US Navy’s 1st Snakehead LDUUV prototype christened

A US Navy team led by the Naval Undersea Warfare Center (NUWC) Division Newport and the Program Executive Office for Unmanned and Small Combatants (PEO USC) conducted a vehicle christening for the first Snakehead large displacement unmanned undersea vehicle (LDUUV) prototype on 2 February.

Snakehead, which was christened at the Narragansett Bay Test Facility in Newport, is a modular, reconfigurable, multi-mission LDUUV deployed from submarine large ocean interfaces.

The vessel is equipped with a government-owned architecture, mission autonomy capabilities and vehicle software, employing innovation in the areas of hull materials and lithium-ion battery certification, according to the navy officials.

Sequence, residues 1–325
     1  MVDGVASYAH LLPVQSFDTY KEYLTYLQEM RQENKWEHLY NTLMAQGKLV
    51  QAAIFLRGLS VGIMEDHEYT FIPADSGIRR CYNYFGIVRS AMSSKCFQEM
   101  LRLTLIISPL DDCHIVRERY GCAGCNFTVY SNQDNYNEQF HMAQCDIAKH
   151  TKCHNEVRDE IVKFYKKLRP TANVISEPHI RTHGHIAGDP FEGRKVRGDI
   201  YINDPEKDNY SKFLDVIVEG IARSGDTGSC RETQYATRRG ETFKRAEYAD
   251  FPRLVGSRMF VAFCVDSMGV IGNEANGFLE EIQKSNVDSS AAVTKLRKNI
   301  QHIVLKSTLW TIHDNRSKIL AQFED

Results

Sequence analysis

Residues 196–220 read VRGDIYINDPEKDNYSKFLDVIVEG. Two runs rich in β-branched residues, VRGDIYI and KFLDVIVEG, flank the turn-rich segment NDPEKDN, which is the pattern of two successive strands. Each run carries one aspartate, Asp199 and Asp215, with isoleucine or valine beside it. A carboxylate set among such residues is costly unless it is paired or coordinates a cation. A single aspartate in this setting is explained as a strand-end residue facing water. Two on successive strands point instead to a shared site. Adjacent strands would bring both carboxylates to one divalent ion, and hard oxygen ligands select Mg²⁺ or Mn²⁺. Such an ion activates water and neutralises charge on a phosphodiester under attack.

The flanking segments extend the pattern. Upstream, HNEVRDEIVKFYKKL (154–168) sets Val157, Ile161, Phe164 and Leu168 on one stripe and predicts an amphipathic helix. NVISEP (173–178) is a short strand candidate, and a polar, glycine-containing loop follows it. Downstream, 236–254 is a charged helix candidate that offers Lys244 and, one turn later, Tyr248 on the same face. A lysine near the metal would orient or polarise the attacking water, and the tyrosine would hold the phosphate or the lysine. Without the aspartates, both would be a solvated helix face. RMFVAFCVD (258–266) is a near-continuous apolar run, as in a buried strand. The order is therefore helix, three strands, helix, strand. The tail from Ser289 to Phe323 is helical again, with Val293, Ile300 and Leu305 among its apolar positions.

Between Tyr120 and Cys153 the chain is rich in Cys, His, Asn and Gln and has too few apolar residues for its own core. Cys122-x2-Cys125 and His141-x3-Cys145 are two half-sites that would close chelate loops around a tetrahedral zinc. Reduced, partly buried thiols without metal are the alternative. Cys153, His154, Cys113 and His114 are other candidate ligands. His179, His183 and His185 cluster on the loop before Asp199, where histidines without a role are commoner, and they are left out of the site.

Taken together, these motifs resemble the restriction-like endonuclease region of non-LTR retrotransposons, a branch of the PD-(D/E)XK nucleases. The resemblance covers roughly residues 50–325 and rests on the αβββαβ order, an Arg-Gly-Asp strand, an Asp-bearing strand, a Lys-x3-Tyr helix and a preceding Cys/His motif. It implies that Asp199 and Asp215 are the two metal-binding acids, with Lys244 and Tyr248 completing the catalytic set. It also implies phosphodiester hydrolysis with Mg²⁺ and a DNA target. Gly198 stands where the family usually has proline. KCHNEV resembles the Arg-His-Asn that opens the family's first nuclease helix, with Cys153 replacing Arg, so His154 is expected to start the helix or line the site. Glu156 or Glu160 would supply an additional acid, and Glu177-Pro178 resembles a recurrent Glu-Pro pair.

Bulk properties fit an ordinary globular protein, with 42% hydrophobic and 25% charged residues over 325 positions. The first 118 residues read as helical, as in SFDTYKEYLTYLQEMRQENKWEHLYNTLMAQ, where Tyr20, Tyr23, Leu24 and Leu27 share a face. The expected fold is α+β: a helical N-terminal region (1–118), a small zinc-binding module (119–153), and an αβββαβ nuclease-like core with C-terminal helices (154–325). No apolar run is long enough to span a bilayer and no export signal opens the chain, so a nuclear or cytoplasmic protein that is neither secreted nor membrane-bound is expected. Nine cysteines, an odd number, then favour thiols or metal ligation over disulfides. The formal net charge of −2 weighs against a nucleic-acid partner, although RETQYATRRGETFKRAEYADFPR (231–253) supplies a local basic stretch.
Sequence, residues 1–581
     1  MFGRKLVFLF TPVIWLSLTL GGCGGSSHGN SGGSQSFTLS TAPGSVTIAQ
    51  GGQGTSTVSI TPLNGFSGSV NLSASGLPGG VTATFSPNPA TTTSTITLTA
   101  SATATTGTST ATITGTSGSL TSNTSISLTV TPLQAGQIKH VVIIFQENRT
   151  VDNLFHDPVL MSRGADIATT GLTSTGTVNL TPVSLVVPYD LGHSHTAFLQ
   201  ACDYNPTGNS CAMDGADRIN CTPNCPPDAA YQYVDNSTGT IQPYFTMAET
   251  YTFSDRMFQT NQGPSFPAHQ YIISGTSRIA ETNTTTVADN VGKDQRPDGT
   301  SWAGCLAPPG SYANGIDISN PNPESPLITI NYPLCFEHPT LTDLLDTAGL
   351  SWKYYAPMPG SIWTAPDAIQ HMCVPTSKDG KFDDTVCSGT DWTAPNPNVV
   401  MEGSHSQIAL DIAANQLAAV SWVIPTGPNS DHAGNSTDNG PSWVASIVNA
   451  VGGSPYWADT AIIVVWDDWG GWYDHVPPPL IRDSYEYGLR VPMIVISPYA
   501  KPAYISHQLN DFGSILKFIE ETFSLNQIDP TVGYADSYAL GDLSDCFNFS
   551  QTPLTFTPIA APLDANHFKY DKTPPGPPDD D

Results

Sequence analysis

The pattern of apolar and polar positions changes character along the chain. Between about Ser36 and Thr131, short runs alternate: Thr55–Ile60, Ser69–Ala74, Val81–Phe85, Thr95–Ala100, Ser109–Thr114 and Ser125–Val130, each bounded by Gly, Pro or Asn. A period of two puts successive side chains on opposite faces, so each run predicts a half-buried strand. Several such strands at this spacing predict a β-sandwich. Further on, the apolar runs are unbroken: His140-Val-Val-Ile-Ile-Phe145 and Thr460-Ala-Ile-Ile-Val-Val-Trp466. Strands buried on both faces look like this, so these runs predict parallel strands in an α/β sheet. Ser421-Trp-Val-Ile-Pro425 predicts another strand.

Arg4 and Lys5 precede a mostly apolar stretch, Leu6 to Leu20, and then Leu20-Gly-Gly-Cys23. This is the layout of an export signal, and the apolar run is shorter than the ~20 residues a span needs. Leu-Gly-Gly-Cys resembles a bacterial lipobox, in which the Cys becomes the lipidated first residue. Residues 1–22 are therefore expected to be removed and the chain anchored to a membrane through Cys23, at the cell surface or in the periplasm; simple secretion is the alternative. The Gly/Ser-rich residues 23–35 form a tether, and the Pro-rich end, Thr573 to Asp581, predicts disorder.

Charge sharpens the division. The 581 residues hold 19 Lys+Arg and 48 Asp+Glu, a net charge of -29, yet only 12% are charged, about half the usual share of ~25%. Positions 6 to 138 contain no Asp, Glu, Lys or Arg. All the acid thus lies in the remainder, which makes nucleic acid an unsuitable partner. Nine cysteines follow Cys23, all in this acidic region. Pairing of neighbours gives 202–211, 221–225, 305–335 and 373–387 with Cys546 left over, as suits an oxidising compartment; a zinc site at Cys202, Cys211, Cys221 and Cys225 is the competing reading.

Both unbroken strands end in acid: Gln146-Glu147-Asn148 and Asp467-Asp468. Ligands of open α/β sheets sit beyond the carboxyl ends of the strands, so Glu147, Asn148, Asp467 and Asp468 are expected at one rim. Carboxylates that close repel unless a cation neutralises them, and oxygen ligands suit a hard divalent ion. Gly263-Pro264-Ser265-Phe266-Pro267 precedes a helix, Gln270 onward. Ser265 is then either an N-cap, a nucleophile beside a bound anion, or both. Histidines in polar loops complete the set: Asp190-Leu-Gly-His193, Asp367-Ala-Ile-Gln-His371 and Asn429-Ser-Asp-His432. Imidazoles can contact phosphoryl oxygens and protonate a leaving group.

American defence company General Atomics Electromagnetic Systems has been contracted to develop and demonstrate a prototype lithium-ion fault tolerant (LiFT) battery system for the US Navy’s Snakehead LDUUV. The LiFT battery system will power the LDUUV’s propulsion and support systems.

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Deployed from a submarine dry deck shelter, Snakehead provides guidance and control, navigation, situational awareness, propulsion, maneuvering and sensors in support of undersea missions.

The US Navy continues to invest in a family of unmanned undersea vehicles (UUVs) to meet the mission requirements for maintaining undersea domain superiority.

Snakehead is the Navy’s largest submarine-launched UUV, providing increased endurance, depth capability, and payload capacity beyond small and medium UUVs.

PEO USC is responsible for driving the majority of the navy’s acquisition, development, delivery and sustainment of unmanned surface and undersea platforms, along with the development of key enabling technologies to support advanced autonomy operations.